Wednesday, January 26, 2011

Invitation or call?

Have you noticed that "invitational" is the current buzzword in some Christian circles? It describes a way of relating to the other such that the inviter would like the invited to do or listen to something. It seems to be a correction to un-Christlike ways of relating which involve some form of (verbal but sometimes physical) coercion. For instance: "Accept Jesus as your personal savior if you want to avoid the eternal damnation which you are certainly headed toward if you don't do it right now!" Hopefully, people will see a problem with that way of relating (evangelizing).

Enter the new(er) buzzword: "I invite you to hear my story of what Jesus means to me." This sounds much nicer than the above fiat. But I would argue that something is missing. It seems too watered down. If I get an invitation to a Columbus Day party, I might respond "Hey! That sounds like a blast! I'll bring a dead Indian!" or more likely "Meh. I'll be busy watching re-runs of The Sopranos that night." The invitation gets tossed without a second thought; no biggie, no consequences.

Is that what the call to follow Jesus is? Merely an invitation, or is there more? I think that what we are calling the other to accept ought to be clear. Give them a chance to grasp what it is they might be rejecting and what kind of world is created when the call of Jesus is rejected (weeping and gnashing of teeth?).

I think that "call" is the better word anyway. We can look at Jesus' way of calling his disciples as our example. Invitational? Yes, but also quite urgent and serious - "Follow me and you'll end up fishing for people" and eventually "Take up your cross and follow me."


Universal Moral Grammar... or Babble?

The psychologist Marc Hauser asserts that morality comes from our biology, not our "religion." In this article, he spells out his thesis. I think his reasoning has big gaps and is based on ill-defined terms and popular but poorly-informed history.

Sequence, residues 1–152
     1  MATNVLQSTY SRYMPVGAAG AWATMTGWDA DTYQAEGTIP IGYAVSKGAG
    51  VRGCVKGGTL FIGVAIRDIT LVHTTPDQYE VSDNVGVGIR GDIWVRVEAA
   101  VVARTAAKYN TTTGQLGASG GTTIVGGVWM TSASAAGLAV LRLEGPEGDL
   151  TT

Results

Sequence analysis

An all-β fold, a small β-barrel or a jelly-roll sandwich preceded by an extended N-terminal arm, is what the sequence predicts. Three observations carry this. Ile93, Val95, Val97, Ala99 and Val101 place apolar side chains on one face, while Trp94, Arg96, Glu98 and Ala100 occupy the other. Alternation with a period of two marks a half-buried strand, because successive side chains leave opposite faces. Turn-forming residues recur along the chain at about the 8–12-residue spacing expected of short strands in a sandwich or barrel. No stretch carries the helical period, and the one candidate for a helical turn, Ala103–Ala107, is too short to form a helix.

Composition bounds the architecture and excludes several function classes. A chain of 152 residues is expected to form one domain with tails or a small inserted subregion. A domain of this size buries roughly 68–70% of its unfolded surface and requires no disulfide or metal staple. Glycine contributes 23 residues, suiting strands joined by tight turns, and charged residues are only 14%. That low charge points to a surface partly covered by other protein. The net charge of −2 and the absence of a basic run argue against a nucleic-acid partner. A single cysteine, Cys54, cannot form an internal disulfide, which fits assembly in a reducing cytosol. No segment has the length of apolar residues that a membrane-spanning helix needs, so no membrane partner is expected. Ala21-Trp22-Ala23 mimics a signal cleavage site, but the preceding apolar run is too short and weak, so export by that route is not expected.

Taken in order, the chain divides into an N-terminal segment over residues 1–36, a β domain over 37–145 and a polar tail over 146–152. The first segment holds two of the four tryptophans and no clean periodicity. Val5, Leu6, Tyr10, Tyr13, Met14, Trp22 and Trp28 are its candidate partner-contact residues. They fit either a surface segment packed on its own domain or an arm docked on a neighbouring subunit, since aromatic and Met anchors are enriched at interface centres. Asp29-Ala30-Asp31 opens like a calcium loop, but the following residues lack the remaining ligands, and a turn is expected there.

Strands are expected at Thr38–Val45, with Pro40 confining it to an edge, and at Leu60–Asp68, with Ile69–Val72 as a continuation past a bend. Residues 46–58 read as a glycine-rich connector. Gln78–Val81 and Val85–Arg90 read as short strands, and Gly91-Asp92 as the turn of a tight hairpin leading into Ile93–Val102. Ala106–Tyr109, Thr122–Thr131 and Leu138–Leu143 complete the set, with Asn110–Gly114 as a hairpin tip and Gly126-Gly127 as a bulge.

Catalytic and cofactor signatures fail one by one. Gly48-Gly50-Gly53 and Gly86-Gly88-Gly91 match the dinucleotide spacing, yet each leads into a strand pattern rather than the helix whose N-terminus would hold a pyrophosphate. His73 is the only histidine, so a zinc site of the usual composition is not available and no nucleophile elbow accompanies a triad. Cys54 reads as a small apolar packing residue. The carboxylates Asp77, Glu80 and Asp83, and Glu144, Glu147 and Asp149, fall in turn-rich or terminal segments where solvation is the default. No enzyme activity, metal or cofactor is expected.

Firstly, I wonder what phenomenon qualify as religion. No doubt he throws Christianity, Judaism and Islam into the mix. But I wonder what he would say about nationalism. Yes, I know it's not a theistic religion, but many sociologists note that it certainly functions like one and today is even the most powerful one in America. It's the one religion for which people willingly give up there own bodies in a form of subjection (military service) and, even further, blood sacrifice (dying for one's country). Hauser might have done better to use the term "totalizing ideology." That takes into account nationalism as well as Marxism, capitalism, and any other "ism" which captures people's imaginations in such a way that their lives are oriented by it.

He asserts that religions which "teach compassion, forgiveness, and genuine altruism" are good. I want to know what tells him that these things are good. I'd also like to know what he thinks they mean. Does compassion have a limit in some cases? And I've heard many people (religious and atheist alike) speak as though certain crimes are unforgivable.

If what is morally right does not need to be taught since we get it biologically, then does the same principle apply to truth? If so, then why does anyone need to read Marc Hauser's babble? Apparently, we have already obtained the truth from the oracles of biology.